Hitfix Interview: Will.i.am talks Black Eyed Peas at the Super Bowl
Sunday (Feb. 6) will mark the Black Eyed Peas’ second appearance at the Super Bowl. Don’t worry if you don’t remember the first time. It was for a small audience.
“Last year when The Who played, the Dolphins owner gave us a VIP booth,” will.i.am recalls. “Right before the Who went on for halftime, they played ‘I Gotta Feeling.’ We jumped outside [our suite] and we were jumping up and down. The whole section turned around.”
When they take the stage Sunday at Arlington, Texas’s Cowboy Stadium, the Peas will have considerably more people watching: Like 100 million more. And they are ready. While much of the 12-minute performance remains a secret, will.i.am promises it will be interactive, possibly involving the field, not just the stage. He also says he’s trying to fit in eight costume changes, and he’s not kidding. On Thursday, the AP reported that the Black Eyed Peas would be joined by Slash and Usher during their performance.
Even before the group’s impromptu appearance last year, they have been preparing for this moment for a long time. In an interview I did with will.i.am that first appeared in Variety in January, he noted that the Peas have played two season kick-off concerts and a number of Super Bowl pre-shows, all in a bid to get to the big game.
“We’ve been working our way up to play the Super Bowl. We worked hard,” he says.
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The Black Eyed Peas’ appearance marks a return to contemporary pop for the Super Bowl; the last six years featured classic rock acts such as the aforementioned Who, Bruce Springsteen, the Rolling Stones and Paul McCartney.
The challenge for any act is figuring out how to present a mini-concert in such a short time span that authentically represents the group. “How do we perform this song living these bits out? Does it flow right? Does this seem like 12 minutes of a good time?,” will.i.am says are some of the considerations in determining song selection.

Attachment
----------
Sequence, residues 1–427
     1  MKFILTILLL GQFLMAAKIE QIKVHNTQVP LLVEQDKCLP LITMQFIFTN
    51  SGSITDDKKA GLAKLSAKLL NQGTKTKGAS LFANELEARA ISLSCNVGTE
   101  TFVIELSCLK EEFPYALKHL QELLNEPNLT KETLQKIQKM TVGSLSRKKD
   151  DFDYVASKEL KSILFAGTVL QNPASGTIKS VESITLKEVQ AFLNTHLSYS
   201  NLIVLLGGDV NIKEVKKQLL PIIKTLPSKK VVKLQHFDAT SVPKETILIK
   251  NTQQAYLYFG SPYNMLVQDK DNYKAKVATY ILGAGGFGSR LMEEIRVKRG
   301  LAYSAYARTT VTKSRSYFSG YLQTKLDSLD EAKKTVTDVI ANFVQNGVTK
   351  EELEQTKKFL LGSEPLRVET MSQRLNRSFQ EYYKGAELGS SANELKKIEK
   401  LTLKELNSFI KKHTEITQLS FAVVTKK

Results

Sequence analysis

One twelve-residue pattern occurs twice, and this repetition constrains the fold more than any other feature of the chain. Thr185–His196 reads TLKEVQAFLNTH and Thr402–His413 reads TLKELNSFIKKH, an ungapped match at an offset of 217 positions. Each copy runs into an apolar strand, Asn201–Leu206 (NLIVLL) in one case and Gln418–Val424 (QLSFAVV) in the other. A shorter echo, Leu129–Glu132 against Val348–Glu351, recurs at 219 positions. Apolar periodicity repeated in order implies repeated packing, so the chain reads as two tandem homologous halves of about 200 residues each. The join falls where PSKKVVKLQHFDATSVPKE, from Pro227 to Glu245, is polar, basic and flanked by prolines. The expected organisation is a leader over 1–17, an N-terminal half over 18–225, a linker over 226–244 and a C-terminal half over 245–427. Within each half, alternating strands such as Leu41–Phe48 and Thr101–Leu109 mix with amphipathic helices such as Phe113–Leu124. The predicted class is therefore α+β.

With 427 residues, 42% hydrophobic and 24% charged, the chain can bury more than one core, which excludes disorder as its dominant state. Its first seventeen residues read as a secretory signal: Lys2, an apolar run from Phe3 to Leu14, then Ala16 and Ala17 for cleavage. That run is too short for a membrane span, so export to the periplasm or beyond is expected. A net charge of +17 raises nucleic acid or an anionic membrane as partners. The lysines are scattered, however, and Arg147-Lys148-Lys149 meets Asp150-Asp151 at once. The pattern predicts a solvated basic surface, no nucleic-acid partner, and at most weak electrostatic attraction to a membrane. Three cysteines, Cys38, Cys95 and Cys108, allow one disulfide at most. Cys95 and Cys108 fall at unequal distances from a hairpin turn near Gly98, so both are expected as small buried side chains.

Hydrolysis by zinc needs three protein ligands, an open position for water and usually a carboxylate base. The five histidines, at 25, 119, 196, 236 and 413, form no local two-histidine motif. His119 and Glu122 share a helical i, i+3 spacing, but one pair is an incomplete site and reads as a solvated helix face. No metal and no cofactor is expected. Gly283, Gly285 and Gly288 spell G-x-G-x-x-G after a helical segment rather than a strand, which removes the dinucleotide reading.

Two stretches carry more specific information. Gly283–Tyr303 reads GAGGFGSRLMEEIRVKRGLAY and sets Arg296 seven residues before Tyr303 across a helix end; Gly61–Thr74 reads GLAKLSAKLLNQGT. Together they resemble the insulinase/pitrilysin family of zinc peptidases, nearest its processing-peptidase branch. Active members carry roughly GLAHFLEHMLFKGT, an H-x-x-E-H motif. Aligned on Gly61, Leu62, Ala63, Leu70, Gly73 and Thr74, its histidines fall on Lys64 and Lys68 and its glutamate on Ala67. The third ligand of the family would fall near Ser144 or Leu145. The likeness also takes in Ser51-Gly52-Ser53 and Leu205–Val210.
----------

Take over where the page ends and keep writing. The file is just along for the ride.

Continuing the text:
The other issue is how do you keep the party going, given that potentially half of the viewers will be upset if their team is losing at half-time.
“How do you keep the energy up even with the cats that are getting their booty whipped?” he says. “That’s the odd part of the half-time show. Half of the people are going to be excited, half of the people will be pissed. Hopefully, when we go on, it will be a tie,” he laughs. The Pittsburgh Steelers are favored in the the game against the Green Bay Packers.
Remarkably, this won’t be the biggest audience the Peas have played in front of, but it is the most exciting for will.i.am. The group played in front of an estimated billion people during the World Cup and with so many different cultures watching, he says there can be a bit of a disconnect. Not so with the Super Bowl.
“I’m American. I know what the Super Bowl mean. I know the history of the Super Bowl,” he says. “I know it’s our unofficial holiday. I know every single brand is coming with the dopest commercials. I know what it means. It’s more than a hundred million people because of what happens after the Super Bowl. You have everyone talking about it. ‘Did you see the half-time show? I loved it. I hated it.’ I want them to have a conversation.”